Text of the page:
Cosentino Leads HWS Vernal Pool Mapping Project - Hobart and William Smith Colleges
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Cosentino Leads HWS Vernal Pool Mapping Project

Cosentino Vernal Pool Mapping

This summer, HWS and SUNY College of Environmental Science and Forestry (EFS) are collaborating on a project to map vernal or woodland pools, which are temporary pools of water that provide habitat for distinctive plants and animals. Led by Associate Professor of Biology Bradley Cosentino, the New York State Vernal Pool Mapper project is conducted in association with the New York Herp Atlas, a program of Hobart and William Smith Colleges, the SUNY-ESF Roosevelt Wild Life Station and the Roger Tory Peterson Institute of Natural History.

The Vernal Pool Mapping Project engages the public to help identify where significant vernal pools exist in New York State. These typically small, shallow bodies of water in woodlands are filled each spring by rain and snow melt, then dry up for a period of time during the summer. Unlike a pond or a lake, they have no permanent inlet or outlet, but serve as essential breeding habitat for certain species of wildlife, including salamanders and frogs.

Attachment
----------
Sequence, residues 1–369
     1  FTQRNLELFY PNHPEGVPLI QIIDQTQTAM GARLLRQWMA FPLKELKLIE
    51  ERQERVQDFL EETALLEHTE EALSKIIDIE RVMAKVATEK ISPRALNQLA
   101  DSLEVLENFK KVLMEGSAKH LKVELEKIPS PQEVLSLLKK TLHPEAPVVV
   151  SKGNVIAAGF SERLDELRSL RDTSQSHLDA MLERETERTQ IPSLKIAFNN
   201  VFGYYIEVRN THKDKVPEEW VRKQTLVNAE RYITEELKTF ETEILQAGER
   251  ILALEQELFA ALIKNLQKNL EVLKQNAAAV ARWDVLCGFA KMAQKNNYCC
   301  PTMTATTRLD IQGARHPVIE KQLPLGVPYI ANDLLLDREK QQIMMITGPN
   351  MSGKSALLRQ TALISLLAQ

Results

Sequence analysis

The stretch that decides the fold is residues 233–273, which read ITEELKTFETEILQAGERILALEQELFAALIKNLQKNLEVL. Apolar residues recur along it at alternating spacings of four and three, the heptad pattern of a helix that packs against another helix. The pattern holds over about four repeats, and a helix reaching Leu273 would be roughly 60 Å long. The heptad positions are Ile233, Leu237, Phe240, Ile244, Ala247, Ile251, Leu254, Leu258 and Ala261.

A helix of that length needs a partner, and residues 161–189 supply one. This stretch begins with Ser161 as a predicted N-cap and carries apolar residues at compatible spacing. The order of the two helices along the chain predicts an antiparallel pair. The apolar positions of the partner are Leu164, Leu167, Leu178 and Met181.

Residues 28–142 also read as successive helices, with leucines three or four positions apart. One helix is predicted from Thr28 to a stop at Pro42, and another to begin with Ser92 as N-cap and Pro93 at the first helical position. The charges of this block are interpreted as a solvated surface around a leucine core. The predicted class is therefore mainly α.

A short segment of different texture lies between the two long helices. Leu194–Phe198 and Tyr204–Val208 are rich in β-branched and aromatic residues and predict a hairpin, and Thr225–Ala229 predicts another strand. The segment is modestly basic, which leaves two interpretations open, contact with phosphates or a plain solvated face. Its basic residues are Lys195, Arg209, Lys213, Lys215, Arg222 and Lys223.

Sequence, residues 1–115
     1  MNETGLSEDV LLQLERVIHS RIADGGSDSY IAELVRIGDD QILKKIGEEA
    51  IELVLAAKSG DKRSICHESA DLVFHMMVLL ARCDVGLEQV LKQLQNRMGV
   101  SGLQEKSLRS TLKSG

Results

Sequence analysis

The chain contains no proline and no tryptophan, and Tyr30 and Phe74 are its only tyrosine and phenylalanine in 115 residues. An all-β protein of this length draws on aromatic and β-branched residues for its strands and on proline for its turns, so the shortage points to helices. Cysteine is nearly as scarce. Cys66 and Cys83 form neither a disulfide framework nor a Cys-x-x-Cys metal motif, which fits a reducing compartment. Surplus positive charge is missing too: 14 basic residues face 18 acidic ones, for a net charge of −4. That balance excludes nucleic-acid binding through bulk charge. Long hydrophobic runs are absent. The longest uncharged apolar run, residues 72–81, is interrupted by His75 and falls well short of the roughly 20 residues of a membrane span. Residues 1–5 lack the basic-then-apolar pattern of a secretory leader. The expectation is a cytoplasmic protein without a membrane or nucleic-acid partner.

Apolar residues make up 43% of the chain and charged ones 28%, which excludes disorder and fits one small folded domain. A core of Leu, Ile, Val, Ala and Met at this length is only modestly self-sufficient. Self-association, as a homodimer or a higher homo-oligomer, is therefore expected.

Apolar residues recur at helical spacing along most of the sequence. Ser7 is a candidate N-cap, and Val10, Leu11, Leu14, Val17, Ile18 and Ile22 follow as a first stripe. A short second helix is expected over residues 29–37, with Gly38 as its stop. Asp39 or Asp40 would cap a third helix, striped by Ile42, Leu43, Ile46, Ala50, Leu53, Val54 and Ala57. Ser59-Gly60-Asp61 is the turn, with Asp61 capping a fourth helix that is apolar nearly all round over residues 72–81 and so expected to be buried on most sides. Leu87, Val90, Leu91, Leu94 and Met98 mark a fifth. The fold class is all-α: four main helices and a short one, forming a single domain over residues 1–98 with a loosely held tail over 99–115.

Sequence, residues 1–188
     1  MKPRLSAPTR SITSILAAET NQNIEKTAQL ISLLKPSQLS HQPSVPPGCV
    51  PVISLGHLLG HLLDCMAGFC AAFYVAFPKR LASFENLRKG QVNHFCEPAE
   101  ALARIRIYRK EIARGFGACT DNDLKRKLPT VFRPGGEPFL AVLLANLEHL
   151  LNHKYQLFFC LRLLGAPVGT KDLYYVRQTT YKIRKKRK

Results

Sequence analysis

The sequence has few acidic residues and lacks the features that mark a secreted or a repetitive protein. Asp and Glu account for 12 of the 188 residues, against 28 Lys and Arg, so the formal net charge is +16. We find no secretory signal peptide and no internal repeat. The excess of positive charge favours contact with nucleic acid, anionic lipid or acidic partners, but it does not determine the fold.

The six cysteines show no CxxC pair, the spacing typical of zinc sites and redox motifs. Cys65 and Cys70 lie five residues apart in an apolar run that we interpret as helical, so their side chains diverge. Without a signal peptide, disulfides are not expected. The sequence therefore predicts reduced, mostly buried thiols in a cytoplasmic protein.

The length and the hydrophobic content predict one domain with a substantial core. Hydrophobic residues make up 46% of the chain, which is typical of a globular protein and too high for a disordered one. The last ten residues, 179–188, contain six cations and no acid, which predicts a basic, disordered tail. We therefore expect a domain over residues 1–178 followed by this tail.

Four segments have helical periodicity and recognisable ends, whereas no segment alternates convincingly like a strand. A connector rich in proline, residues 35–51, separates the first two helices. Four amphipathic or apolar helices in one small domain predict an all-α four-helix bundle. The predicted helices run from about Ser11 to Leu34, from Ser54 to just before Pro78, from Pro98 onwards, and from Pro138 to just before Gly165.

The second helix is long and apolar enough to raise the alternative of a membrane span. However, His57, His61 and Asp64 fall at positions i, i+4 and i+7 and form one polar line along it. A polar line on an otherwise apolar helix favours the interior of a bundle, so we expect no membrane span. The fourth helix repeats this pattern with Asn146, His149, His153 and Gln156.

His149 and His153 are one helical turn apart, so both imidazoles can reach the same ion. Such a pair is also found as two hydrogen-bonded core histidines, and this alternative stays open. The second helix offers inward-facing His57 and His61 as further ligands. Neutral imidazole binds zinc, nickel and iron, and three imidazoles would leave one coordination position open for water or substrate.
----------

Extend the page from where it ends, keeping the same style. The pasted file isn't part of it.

“Because of their ephemeral nature, vernal ponds are critical habitat for wildlife that cannot co-occur with fish, including mole salamanders, wood frogs and fairy shrimp,” says Cosentino, who serves as project director.  “The small size of vernal pools makes them difficult to identify with remote sensing techniques, so “on-the-ground” identification is critical for mapping and potentially protecting this important habitat.”

The public is encouraged to visit the Vernal Pool Mapping website to enter the coordinates of a vernal pool manually or click on a location on the map. The information entered is used by Cosentino and his colleagues to examine effects of climate, pollution and land use on aquatic wildlife in New York State.

A member of the faculty at HWS since 2012, Cosentino’s research explores the ecological and evolutionary responses of wildlife to environmental change. He has a particular interest in understanding how human land use affects animal movements. Cosentino has published more than two dozen research articles in journals including Conservation Biology, Biological ConservationMolecular Ecology, and Animal Behavior, and he has been awarded grants from the U.S. Fish and Wildlife Service and U.S. Department of Agriculture.

Cosentino holds a B.A. from Augustana College and a Ph.D. from the University of Illinois.

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